Improving Quality Care for Children with Special Needs (Tennessee)

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Summary:

This project developed a secure Web-based electronic health record (EHR) for children with special health care needs (CSHCN) called the Tennessee Child Health Profile (TN-CHP). TN-CHP provides comprehensive information by linking data on newborn screening (NBS) and newborn hearing screening (NHS) from the public health database of the Tennessee Department of Health with diagnostic, treatment, and followup data from programs providing CSHCN services. The goal of this EHR is to improve primary diagnosis efficiency by making it easier for primary care providers, parents, and legal guardians to access and manage CSHCN information.

The primary objectives of this project were to:

    • Give health care providers secure web access to a comprehensive electronic health record of CSHCN (with parental permission) to ensure currency of information and continuity of care.
    • Use health information technology to improve coordination and quality of care provided to CSHCN in ambulatory settings.
    • Provide accurate, comprehensive health care information for developmental tracking of children from birth to adulthood.

Partners in the project were the Genetic Centers at the University of Tennessee (UT) Knoxville, UT Memphis and Vanderbilt, the Child Development Center at Vanderbilt, the UT Boling Center for Developmental Disabilities in Memphis, and the University Health Systems/UT Medical Center.

The project completed the development of TN-CHP. The team successfully collaborated with major stakeholders representing State departments, academic centers, and consumer agencies. Measured outcomes included the rates of CSHCN identification from NBS and NHS, tracking of diagnosis, and delivery of CSHCN services. The project also investigated the effect of birth weight on the lag time between date of birth and diagnosis.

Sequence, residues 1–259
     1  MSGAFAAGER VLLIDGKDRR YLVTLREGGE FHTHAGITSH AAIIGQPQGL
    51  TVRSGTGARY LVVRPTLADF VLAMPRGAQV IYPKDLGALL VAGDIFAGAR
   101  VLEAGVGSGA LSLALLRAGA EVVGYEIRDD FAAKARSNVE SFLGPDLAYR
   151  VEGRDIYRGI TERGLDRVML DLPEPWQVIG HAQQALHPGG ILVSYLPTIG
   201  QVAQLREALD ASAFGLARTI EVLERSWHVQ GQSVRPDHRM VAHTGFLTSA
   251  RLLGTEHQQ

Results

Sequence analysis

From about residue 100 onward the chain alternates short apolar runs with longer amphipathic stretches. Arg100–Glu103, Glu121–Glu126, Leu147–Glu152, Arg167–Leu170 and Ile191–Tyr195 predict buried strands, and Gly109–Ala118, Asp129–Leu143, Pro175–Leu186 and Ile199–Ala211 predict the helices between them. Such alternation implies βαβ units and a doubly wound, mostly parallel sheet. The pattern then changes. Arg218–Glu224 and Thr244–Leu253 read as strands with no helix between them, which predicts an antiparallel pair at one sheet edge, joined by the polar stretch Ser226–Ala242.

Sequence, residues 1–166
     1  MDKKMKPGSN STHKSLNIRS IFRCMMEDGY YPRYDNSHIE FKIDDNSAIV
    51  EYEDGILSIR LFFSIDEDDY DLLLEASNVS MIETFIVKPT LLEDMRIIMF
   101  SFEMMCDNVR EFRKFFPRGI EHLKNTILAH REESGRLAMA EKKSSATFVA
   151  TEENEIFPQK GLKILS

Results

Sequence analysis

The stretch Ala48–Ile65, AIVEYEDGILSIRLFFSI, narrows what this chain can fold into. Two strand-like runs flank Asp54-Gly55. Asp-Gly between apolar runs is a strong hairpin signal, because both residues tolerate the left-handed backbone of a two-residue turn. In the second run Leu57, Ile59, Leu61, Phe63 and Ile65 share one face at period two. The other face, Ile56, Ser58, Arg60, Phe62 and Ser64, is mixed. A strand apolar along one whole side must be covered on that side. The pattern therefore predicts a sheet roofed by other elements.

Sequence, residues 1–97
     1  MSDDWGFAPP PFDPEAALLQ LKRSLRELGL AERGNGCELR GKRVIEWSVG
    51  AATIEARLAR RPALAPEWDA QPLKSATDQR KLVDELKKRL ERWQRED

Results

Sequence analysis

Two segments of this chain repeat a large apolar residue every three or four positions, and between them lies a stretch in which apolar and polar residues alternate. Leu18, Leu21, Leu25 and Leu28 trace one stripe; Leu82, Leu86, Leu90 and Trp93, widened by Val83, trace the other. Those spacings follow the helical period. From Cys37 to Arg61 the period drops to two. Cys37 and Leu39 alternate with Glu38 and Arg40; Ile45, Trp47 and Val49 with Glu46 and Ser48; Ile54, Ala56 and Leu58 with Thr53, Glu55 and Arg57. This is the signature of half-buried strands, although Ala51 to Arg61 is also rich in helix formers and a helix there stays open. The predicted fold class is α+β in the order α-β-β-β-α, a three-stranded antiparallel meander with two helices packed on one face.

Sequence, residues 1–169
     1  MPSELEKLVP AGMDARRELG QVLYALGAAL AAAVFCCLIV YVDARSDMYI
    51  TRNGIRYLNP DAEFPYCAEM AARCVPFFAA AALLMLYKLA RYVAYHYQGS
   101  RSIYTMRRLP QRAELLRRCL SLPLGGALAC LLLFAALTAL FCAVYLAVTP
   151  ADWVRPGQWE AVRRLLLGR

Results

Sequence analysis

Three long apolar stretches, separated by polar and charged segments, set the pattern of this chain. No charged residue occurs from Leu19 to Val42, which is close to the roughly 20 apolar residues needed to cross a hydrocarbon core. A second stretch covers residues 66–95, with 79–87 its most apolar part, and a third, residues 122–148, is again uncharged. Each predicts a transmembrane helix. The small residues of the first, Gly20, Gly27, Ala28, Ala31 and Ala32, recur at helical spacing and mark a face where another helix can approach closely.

Improving Quality Care for Children with Special Needs - 2010

Summary Highlights

  • Principal Investigator: 
  • Funding Mechanism: 
    RFA: HS05-013: Limited Competition for AHRQ Transforming Health Care Quality Through Information Technology (THQIT)
  • Contract Number: 
    UC1 HS 016133
  • Grant Number: 
    UC1 HS 016133
  • Project Period: 
    September 2005 – September 2010, Including No-Cost Extension
  • AHRQ Funding Amount: 
    $1,096,491
  • PDF Version: 
    (PDF, 324.12 KB)

Target Population: Children with Special Health Care Needs, Pediatric*

Summary: This project developed a secure, Web-based electronic health record (EHR) called the Tennessee Child Health Profile (TN-CHP) to provide comprehensive information on children with special health care needs (CSHCN). The goal of the TN-CHP is to expedite primary diagnosis by making it easier for primary care providers, parents, and legal guardians to access and manage CSHCN information. The TN-CHP links data on newborn screening (NBS) and newborn hearing screening (NHS) from the public health database of the Tennessee Department of Health with data on diagnosis, treatment, and followup from programs providing CSHCN services. Outcome measures included rates of CSHCN identification from NBS and NHS, tracking of diagnosis, and delivery of CSHCN services. The project also investigated the effect of birth weight on the lag time between date of birth and diagnosis.